“It allows the company to function with the agility of a startup and most of the resources of a large public company,” Rob Enderle, principal analyst with the Enderle Group, told eWEEK after news of a possible leveraged buyout broke last week. “In effect, if you are contemplating making some major structural changes to the company, this is like, in a car race, pulling the car off the track to do the heavy modifications, rather than trying to do those changes during a pit stop or while the car was actually racing.”
Microsoft would have a keen interest in seeing a strong Dell. The software giant is still the top OS vendor for PCs and servers, but Apple and its iOS and Google with its Android operating systems dominate the booming tablet and smartphone spaces. Microsoft is looking to gain a greater foothold in the space – Windows 8 is optimised to run on tablets, and the company also is offering a version of the OS for the ARM chip architecture. Still, despite the slowing sales, Gartner analysts said the PC industry still shipped more than 352.7 million units in 2012, which is a lot of systems, according to Charles King, principal analyst with Pund-IT Research.
“People are still buying 1 million PCs a day,” King told eWEEK. “For an industry that has been labelled … on its way out the door, that’s pretty good.”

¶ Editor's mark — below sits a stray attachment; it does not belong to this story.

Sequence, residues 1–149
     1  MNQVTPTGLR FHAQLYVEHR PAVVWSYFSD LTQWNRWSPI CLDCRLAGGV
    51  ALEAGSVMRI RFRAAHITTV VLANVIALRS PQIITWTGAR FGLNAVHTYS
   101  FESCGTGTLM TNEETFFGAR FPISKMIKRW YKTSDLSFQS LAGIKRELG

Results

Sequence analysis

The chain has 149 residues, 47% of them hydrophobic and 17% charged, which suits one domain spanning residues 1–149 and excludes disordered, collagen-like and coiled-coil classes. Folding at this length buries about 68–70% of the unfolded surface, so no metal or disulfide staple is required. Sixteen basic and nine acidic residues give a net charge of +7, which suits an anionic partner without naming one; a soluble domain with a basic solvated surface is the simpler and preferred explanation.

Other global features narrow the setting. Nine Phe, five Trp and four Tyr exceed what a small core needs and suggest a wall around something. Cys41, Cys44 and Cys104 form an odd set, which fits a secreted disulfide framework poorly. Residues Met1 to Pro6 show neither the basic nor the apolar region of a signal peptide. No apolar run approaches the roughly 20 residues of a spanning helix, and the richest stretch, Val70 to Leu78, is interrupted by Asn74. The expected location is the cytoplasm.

For PC makers, the trick will be making PCs desirable again in 2013, according to David Daoud, an IDC analyst.
“Consumers expected all sorts of cool PCs with tablet and touch capabilities,” Daoud said in a statement 10 January, when IDC released its 2012 PC numbers. “Instead, they mostly saw traditional PCs that feature a new OS (Windows 8) optimised for touch and tablet with applications and hardware that are not yet able to fully utilise these capabilities. Despite a generally weak performance, some leading brands managed do to well relative to the market. HP, Lenovo, Asus, and Samsung were among the top performers, taking advantage of some consumer interest in Windows 8, and a push to build up their presence ahead of 2013.”
This is not the first time founder and CEO Michael Dell has considered taking the company private. Since returning to the CEO chair in 2007 after three years away, Dell has aggressively pushed to build up its enterprise IT services through both in-house development and outside acquisitions, and reduce its reliance on PCs. Michael Dell, who owns about 16 percent of the company, reportedly told financial analysts in 2010 that he had considered taking the company private, though it never materialised.
However, if he does it this time, it could prove rewarding for his efforts, Roger Kay, principal analyst with Endpoint Technologies Associates, told eWEEK last week.
“Michael Dell has been looking to run the company with a long view, and Wall Street is very impatient with that,” Kay said. “In private equity, they’ll wait 10 to 15 years for payback.”
Dell has a market capitalisation of more than $19 billion (£12bn), and generated more than $42 billion (£26.5bn) in revenue and $1.8 billion (£1.1bn) in income during the first three quarters of last year.
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Originally published on eWeek.